Johnny Berens

Famous Métis River Boat Pilot
Our Métis ancestors played an important role helping to shape the Northwest Territories. This article is a tribute to one of our Métis men who worked hard providing services to the Métis, Dene and non-Native people living in the western NWT. We hope that this article can serve as a reminder to the Métis children that their heritage is rich with role models. Our children can easily learn about these role models through stories from our families and visits to the graveyard to pay respects to them for their contributions to our successful lifestyle.

Johnny Berens was a well known river boat pilot serving on the Wrigley, Distributor and Mackenzie River for fifty-seven years. His extensive piloting career began in 1900, but like most Métis, Johnny was multi-talented and took on duties such as manager of trading posts, carpenter, interpreter, and cook. Johnny also considered becoming one of the renowned Métis fiddlers, but was discouraged by an irate engineer on the SS. Wrigley, John Sutherland, who threw Johnny’s fiddle into the Mackenzie River late one night. Johnny always lamented that he saved his hard earned money to buy his precious fiddle, but lost his dream at the hands of an impatient engineer.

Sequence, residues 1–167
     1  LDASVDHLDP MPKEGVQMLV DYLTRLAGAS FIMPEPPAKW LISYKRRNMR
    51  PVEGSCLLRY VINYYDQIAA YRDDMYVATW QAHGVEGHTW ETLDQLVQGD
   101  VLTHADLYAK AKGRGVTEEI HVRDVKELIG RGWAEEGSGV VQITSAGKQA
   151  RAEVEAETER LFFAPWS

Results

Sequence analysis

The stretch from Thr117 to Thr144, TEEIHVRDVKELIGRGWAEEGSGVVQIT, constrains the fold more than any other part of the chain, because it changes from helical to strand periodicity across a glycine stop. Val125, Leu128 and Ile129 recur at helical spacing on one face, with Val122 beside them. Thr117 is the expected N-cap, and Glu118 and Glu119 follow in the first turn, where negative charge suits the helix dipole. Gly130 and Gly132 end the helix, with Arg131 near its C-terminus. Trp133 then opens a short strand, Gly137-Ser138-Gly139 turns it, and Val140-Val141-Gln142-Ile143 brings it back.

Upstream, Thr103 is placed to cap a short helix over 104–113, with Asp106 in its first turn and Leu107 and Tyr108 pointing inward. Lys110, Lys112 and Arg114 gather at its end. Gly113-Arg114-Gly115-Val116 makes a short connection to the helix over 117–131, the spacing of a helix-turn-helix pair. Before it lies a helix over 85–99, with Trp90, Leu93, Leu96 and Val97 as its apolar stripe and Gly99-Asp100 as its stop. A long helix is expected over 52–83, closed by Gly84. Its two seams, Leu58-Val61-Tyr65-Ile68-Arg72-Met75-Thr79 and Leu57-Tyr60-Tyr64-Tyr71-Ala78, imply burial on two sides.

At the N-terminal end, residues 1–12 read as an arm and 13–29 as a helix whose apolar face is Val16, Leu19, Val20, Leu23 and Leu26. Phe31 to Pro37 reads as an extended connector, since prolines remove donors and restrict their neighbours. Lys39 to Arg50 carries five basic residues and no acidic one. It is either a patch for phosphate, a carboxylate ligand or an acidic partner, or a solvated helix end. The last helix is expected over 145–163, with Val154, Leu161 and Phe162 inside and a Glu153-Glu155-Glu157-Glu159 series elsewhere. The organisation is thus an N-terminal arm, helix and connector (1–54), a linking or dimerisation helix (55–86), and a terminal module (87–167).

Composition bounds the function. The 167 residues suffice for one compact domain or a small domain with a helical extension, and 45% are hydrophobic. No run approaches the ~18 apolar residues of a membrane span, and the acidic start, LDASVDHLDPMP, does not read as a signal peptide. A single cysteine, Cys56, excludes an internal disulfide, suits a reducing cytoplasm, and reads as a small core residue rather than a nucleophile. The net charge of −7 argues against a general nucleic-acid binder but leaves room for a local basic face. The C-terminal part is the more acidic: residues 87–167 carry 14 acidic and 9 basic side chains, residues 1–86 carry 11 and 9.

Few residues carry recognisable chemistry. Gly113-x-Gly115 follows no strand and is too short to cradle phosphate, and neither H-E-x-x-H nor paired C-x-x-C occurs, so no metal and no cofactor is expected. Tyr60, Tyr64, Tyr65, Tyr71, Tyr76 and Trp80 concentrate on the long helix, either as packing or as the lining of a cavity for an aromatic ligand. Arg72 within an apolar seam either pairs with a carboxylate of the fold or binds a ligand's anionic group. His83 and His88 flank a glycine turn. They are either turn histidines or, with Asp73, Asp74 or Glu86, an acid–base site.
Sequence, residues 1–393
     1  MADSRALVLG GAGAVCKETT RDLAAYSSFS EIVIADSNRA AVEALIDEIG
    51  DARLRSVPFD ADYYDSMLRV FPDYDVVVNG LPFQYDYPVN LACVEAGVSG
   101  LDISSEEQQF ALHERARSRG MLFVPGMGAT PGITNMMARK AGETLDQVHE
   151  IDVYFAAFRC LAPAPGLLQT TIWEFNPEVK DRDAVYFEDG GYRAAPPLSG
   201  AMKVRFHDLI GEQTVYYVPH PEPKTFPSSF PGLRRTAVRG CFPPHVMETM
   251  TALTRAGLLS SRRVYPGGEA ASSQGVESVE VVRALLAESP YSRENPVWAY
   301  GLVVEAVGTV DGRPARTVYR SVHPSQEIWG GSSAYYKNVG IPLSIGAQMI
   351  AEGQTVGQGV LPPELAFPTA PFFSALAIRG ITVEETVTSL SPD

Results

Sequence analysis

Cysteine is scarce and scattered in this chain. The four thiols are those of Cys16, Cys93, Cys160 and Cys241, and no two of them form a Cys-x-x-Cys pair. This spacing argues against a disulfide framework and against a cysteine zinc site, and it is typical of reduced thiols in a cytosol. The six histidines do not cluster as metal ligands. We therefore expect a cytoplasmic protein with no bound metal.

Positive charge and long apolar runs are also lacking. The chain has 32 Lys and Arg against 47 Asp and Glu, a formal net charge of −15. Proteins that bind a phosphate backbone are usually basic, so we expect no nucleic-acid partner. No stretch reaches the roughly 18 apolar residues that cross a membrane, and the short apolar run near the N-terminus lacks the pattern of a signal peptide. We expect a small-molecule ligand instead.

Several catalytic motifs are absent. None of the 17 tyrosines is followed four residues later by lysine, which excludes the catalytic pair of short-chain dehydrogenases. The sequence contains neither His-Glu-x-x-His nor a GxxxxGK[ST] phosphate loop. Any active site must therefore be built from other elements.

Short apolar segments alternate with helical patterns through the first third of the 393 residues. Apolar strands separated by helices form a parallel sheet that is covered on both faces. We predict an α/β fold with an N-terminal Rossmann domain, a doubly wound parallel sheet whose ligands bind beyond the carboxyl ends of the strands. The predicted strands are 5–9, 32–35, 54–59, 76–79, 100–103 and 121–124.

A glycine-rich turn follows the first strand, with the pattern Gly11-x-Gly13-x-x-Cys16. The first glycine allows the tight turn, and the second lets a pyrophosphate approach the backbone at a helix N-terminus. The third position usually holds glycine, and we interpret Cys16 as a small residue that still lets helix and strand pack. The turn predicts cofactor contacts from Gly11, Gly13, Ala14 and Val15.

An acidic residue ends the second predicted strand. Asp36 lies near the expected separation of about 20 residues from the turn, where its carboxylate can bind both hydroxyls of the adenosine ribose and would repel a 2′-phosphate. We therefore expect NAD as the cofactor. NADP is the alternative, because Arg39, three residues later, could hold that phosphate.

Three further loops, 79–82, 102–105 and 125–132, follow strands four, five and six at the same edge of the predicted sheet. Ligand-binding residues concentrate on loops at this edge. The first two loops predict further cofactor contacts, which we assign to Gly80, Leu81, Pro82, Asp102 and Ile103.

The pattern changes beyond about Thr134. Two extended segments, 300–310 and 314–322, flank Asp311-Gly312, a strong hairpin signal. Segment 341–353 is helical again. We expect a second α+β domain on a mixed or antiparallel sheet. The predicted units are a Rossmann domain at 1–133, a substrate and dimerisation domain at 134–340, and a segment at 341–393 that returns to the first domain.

Johnny’s work up and down both the Mackenzie and Slave rivers provided him with the opportunity to learn the Dene languages. He was able to speak Chipewyan, North and South Slavey, Gwich’in and Dogrib.

Johnny married a Fort Rae woman, Monique Lafferty on July 31, 1896 at Fort Rae. Johnny and Monique had twelve children. By 1954, only five children were living. The last of his children, Marie Louise Wabisca and Billy Berens passed away in 1993 and 1994, respectively. Johnny has many descendants today living in the South Slave, as well as other parts of Canada. Some of the names his descendents go by today are Berens, Conibear, Fulford, Brown, and Wabisca. These descendents married into the Loutitt, Bloomstrand, Hudson, and Noyes families.

Johnny was presented with a medal for long service from the Queen and the Hudson’s Bay Company in 1939. As a tribute to his outstanding career the Government of Canada named the Mackenzie River ferry at Fort Providence – “The Johnny Berens”.

Johnny Berens was laid to rest on March 27, 1954. People wishing to pay their respects at his resting place can visit the Catholic cemetery in Fort Smith. His grave is near the middle area by the fence located along the river bank.

Researched and Written by Priscilla Lepine and Sheri Beamish.

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